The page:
What are the possibilities of cases like Mallya’s happening again?
The regime gives an opportunity to the stakeholders at the very first default to take a call and empowers them to take the most appropriate call in their best interests under the circumstances. If one takes note of the alert and acts accordingly, one is unlikely to reach an alarming situation.
There is talk about the timeline of 180 days for corporate resolution process. How hopeful are you about keeping to these timelines?
The transaction is being undertaken by the stakeholders themselves. And the entire process is under their control. If one is pursuing his own interest, and everything is under his control, in all probability, he would do it well in time. That is why we call it a market-determined process. The state, NCLT and IBBI, are not examining the transaction (resolution plan) on merits. It mostly sees if due process has been followed—committee of creditors has been properly constituted, there actually has been voting by 75% (of the committee).
To make it happen in 180 days, there are certain institutional facilities like the insolvency professional, who guides the stakeholders throughout the process. The other is the information utility which will be the storehouse of all the information that one needs for a transaction. Further, over time, efficient practices develop, and processes get standardized and automated.
How soon will personal insolvency regulation be taken up? Will the debt recovery tribunals be overhauled as planned, given their role in personal insolvency?
We are now focused on corporate insolvency resolution and corporate liquidation for which NCLT benches are in place. Regulations for information utilities and corporate voluntary liquidation should be through in the next three-four months. Then we’ll start looking at personal insolvency.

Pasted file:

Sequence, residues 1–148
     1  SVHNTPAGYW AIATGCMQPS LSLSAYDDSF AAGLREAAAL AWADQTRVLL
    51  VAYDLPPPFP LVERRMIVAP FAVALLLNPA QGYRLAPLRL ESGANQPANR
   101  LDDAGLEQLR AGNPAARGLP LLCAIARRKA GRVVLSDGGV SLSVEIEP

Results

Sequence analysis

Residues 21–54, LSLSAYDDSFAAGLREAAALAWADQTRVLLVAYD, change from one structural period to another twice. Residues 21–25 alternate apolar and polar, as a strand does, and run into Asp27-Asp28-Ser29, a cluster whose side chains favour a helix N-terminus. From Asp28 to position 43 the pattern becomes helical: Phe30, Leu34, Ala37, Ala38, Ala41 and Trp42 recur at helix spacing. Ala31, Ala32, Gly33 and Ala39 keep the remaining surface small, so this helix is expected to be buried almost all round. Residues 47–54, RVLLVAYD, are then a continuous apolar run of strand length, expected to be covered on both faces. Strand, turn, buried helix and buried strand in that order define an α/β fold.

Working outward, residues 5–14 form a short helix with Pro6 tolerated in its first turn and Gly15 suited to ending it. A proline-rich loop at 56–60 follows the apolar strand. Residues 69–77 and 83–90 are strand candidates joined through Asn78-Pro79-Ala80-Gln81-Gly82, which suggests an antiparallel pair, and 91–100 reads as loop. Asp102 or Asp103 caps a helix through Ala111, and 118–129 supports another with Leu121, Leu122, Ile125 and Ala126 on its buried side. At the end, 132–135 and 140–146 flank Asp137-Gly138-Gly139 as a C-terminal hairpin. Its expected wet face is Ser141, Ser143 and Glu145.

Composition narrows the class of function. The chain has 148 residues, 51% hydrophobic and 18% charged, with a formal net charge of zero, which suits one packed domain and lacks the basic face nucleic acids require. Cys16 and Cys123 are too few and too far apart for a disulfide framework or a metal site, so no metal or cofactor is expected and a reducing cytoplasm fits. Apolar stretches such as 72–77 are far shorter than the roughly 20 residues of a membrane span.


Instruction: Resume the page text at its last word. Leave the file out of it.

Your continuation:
I am sure that the government is conscious of the imperatives of the code. Please see the commitment of the government to the cause of the code. It pushed down its priority in the waterfall (of claimants in a liquidation process) from the highest category to a category below unsecured creditors. It took less than six months to make the code.
Would you agree that there’s extensive government control as questions have been raised about it? Should the market be independently allowed to regulate itself?
I do not agree. The code puts all transactions—insolvency resolution, liquidation, bankruptcy—in the hands of stakeholders and independent professionals. The government does not have any role in these transactions, except providing a conducive ecosystem that facilitate transactions.
We had an existing model. There were some bankruptcy transactions going on (at the time). That is what the market had come up with. That model didn’t work. So, a different model is being tried now.